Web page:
Senin, 31 Oktober 2011

Robert Tappan Morris

Robert Tappan Morris

Robert Morris
Born November 8, 1965 (age 45)
Alias(es) RTM[1]
Motive "to demonstrate the inadequacies of current security measures on computer networks by exploiting the security defects that Morris had discovered."[2]
Conviction(s) United States Code: Title 18 (18 U.S.C. § 1030, the Computer Fraud and Abuse Act, March 7, 1991.[2]
Penalty three years of probation, 400 hours of community service, a fine of $10,050, and the costs of his supervision[2]
Status fulfilled
Occupation Professor, Massachusetts Institute of Technology,
Partner, Y Combinator[3]
Parents Robert Morris

Robert Tappan Morris, (born November 8, 1965), is an American computer scientist, best known for creating the Morris Worm in 1988, considered the first computer worm on the Internet[4] - and subsequently becoming the first person convicted under the Computer Fraud and Abuse Act.[2][5]
He went on to co-found the online store Viaweb, one of the first web-based applications, and later the funding firm Y Combinator - both with Paul Graham. He is a tenured professor in the department of Electrical Engineering and Computer Science[6]at the Massachusetts Institute of Technology.
His father was the late Robert Morris, a coauthor of UNIX and the former chief scientist at the National Computer Security Center, a division of the National Security Agency (NSA).

The worm

Morris created the worm while he was a graduate student at Cornell University. The original intent, according to him, was to gauge the size of the Internet. He released the worm from MIT to conceal the fact that it actually originated from Cornell. The worm exploited several vulnerabilities to gain entry to targeted systems, including:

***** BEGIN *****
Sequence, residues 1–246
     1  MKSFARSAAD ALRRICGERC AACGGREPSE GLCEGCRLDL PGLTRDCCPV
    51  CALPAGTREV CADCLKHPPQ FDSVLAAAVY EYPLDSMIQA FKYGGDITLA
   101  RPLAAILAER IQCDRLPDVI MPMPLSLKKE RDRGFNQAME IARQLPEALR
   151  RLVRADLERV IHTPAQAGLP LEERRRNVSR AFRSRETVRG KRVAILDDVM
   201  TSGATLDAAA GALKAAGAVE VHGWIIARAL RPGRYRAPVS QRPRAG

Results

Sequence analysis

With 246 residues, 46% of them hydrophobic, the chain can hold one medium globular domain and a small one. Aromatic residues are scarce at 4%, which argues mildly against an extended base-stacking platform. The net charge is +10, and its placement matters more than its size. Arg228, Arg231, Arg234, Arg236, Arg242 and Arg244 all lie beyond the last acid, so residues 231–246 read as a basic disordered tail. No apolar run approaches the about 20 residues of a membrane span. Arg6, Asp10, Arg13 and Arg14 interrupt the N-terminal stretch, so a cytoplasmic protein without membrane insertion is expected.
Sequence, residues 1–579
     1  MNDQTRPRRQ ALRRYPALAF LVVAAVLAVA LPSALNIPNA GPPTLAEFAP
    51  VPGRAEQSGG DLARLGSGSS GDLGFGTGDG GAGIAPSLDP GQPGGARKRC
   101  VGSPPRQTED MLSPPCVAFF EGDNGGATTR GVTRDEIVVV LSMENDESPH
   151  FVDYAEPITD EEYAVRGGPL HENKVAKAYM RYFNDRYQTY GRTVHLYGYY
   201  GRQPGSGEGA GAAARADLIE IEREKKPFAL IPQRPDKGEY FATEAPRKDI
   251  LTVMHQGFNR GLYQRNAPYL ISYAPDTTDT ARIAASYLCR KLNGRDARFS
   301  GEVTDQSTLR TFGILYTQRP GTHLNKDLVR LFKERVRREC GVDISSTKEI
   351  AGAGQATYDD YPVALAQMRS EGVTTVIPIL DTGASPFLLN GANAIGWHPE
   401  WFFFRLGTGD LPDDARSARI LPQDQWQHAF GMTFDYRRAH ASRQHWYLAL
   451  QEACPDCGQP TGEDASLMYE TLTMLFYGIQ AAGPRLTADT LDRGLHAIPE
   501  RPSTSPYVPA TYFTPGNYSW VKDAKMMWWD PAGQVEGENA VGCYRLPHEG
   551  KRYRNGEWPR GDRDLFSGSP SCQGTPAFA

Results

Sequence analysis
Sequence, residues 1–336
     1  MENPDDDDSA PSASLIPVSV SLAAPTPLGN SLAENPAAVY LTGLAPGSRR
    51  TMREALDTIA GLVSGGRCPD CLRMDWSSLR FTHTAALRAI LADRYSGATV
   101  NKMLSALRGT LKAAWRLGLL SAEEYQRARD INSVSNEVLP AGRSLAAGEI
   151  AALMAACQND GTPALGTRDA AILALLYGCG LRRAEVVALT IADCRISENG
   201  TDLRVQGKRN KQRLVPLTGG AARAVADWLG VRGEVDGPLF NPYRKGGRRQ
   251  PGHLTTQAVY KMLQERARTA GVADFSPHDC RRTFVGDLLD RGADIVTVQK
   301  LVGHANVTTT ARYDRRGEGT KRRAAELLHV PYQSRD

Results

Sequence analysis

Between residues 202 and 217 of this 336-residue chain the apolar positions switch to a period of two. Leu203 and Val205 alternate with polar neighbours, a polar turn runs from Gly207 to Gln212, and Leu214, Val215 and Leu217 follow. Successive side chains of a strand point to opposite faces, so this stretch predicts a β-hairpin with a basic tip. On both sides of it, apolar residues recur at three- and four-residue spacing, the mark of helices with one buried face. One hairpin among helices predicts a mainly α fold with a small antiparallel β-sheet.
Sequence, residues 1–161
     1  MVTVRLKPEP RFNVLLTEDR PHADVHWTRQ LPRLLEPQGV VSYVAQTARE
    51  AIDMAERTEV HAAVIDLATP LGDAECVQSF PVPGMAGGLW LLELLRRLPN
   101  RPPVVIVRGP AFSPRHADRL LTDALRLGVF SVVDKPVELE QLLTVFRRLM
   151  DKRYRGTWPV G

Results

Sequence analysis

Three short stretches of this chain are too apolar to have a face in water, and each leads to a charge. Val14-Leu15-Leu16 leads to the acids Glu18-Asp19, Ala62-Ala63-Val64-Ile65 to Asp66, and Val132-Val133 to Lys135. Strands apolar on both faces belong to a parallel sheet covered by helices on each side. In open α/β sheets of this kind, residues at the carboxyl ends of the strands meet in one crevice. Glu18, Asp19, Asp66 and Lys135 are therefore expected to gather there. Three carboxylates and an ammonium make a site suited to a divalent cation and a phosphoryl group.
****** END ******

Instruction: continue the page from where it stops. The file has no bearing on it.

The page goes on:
• a hole in the debug mode of the Unix sendmail program,
  • a buffer overrun hole in the fingerd network service,
  • the transitive trust enabled by people setting up rexec/rsh network logins without password requirements.
However, the worm had a design flaw. The worm was programmed to check each computer it found to determine if the infection was already present. However, Morris believed that some administrators might try to defeat his worm by instructing the computer to report a false positive. To compensate for this possibility, Morris directed the worm to copy itself anyway, 14% of the time, no matter the response to the infection-status interrogation. This level of replication created system loads that not only brought it to the attention of system administrators, but also disrupted the target computers. It was guessed that the cost in "potential loss in productivity" caused by the worm and efforts to remove it ranged at each system from $200 to more than $53,000.


Robert Morris was convicted of violating United States Code: Title 18 (18 U.S.C. § 1030), the Computer Fraud and Abuse Act.[2] and in December, 1990, was sentenced to three years of probation, 400 hours of community service, a fine of $10,050, and the costs of his supervision. His appeal was rejected the following March.[4]



His principal research interest is computer network architectures which includes work on distributed hash tables such as Chord and wireless mesh networks such as Roofnet.


Morris is a longtime friend of Paul Graham. Graham dedicated his book ANSI Common Lisp to him, and named the programming language that generates the online stores' web pages RTML in his honor. Graham also lists Morris as one of his personal heroes saying "he's never wrong".

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